Encyclopaedia of the Qurʾān

Get access Subject: Middle East and Islamic Studies
General Editor: Jane Dammen McAuliffe, Georgetown University, Washington DC

The Encyclopaedia of the Qur’ān Online is an encyclopaedic dictionary of qur’ānic terms, concepts, personalities, place names, cultural history and exegesis extended with essays on the most important themes and subjects within qur’ānic studies. The Encyclopaedia of the Qur’ān Online is the first comprehensive, multivolume reference work on the Qur’ān to appear in a Western language.
Encyclopaedia of the Qur’ān Online includes direct access to 62 Early Printed Western Qur’āns Online and the Electronic Qurʾān Concordance, a unique online finding aid for textual research.


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Iḥrām

(4 words)

 see pilgrimage Bibliography

I (IAIN - Ibn Ikhshīdh, Abū Bakr Aḥmad (d. 326/938))

(621 words)

IAIN see Islam Iathrippa  Geography Iberian Peninsula  Pre-1800 Preoccupations of Qurʾānic Studies Iblīs  Angel  Arabic Script  Cosmology  Creation  Debate and Disputation  Devil  Faith  God and his Attributes  Good and Evil  Hell and Hellfire  Iblīs  Insolence and Obstinacy  Intention  Jinn  Myths and Legends in the Qurʾān  Narratives  Nature as Signs  Noah  Prayer  Pride  Races  South Asian Literatures and the Qurʾān  Speech  Spiritual Beings  Theology and the Qurʾān  Tree(s)  Troops  Ṣūfism and the Qurʾān Ibn (al-)ʿAbbās, ʿAbdallāh (d. 68-9/686-7)  Agriculture and Veg…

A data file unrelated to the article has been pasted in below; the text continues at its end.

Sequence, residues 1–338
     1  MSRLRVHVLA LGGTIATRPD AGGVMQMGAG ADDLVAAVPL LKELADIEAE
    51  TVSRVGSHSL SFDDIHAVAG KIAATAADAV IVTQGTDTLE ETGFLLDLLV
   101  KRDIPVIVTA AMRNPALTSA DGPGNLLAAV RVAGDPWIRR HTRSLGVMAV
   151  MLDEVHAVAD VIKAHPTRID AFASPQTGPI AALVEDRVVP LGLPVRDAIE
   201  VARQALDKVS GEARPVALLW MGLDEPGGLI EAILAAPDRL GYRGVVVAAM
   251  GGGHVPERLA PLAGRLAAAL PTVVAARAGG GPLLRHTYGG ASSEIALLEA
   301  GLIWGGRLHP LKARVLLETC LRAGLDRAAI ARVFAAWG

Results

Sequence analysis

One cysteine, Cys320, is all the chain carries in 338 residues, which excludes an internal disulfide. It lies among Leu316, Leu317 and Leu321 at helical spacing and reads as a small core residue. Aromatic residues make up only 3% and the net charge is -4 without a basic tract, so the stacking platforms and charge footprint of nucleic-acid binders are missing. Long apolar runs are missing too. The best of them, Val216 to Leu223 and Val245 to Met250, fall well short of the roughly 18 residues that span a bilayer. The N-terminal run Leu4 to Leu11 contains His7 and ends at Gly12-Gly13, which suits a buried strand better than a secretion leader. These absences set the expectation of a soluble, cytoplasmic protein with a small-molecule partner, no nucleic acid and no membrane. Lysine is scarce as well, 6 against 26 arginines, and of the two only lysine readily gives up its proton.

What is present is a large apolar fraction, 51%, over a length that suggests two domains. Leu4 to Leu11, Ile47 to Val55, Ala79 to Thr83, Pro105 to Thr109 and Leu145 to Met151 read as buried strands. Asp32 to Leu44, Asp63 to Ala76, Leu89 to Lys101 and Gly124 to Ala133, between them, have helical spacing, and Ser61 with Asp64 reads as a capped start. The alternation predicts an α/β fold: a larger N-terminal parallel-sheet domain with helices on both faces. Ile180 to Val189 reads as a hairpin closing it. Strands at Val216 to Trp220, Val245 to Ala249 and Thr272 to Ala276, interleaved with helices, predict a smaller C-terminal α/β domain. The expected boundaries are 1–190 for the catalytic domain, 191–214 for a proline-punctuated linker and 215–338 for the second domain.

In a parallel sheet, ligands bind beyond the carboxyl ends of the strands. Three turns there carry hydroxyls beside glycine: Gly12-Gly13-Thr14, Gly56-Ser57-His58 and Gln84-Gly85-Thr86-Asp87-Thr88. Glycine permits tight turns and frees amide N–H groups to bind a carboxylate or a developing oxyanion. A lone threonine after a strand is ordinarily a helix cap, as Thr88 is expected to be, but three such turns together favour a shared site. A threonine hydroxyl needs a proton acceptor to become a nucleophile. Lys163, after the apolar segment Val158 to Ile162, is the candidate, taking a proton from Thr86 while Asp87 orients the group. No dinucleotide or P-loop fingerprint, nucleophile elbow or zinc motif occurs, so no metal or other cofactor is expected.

I (Ibn Ḥajar al-Haytamī (d. 974/1567) - al-Qurʾān Printers, Bombay)

(1,032 words)

Ibn Ḥajar al-Haytamī (d. 974/1567)  Sin, Major and Minor Ibn Ḥajar al-ʿAsqalānī (d. 852/1449)  Foreign Vocabulary  Occasions of Revelation  Satanic Verses  Sin, Major and Minor  Traditional Disciplines of Qurʾānic Studies Ibn Ḥanbal, Aḥmad (d. 241/855)  Anthropomorphism  Companions of the Prophet  Court  Createdness of the Qurʾān  Creeds  Exegesis of the Qurʾān: Classical and Medieval  Hell and Hellfire  Honey  Inimitability  Intercession  Manual Labor  Muʿtazila  Names of the Prophet  Noah  Philosophy and the Qurʾān  Preserved Tablet  Raqīm  Recitation of the Qurʾān  Scr…

I (Ibn Isḥāq, Muḥammad (d. 150/767) - Ibn Qilāba)

(725 words)

Ibn Isḥāq, Muḥammad (d. 150/767)  Abraha  Abyssinia  Cave  Children of Israel  Circumcision  Conquest  Consecration of Animals  Consultation  Emigrants and Helpers  Exegesis of the Qurʾān: Classical and Medieval  Expeditions and Battles  Good and Evil  Idolatry and Idolaters  Informants  Inimitability  Jews and Judaism  Korah  Literacy  Money  Muḥammad  Noah  Opposition to Muḥammad  Prophets and Prophethood  Qaynuqāʿ (Banū)  Religious Pluralism and the Qurʾān  Rhetoric and the Qurʾān  Satanic Verses  Smoke  Springs and Fountains  Sīra and the Qurʾān  Taxation  Tubbaʿ  …

I (Ibn al-Kalbī, Hishām (d. 206/821) - Ibn Ḥabīb, ʿAbd al-Malik (d. 238/852-3))

(696 words)

Ibn al-Kalbī, Hishām (d. 206/821)  Archaeology and the Qurʾān  Idolatry and Idolaters  People of the House  South Arabia, Religions in Pre-Islamic  Springs and Fountains  Tubbaʿ Ibn al-Khallāl  Muʿtazila Ibn al-Masarra al-Jabalī (d. 319/931)  Exegesis of the Qurʾān: Classical and Medieval  Ṣūfism and the Qurʾān Ibn al-Mubārak, ʿAbdallāh (d. 181/797)  Heresy  Ṣūfism and the Qurʾān Ibn al-Mundhir al-Mundhirī al-Nīshābūrī, Abū Bakr Muḥammad b. Ibrahīm (d. 318/930)  Exegesis of the Qurʾān: Classical and Medieval  Language and Style of the Qurʾān  Persian Literature and the Qu…